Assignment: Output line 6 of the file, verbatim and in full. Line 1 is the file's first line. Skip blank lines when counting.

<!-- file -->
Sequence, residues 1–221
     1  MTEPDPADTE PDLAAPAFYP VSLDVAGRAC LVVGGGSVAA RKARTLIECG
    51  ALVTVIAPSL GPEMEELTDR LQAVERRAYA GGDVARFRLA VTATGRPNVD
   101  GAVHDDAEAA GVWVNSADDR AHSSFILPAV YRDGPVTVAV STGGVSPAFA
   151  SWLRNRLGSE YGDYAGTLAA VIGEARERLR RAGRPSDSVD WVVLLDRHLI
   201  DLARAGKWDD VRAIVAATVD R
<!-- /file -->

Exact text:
   201  DLARAGKWDD VRAIVAATVD R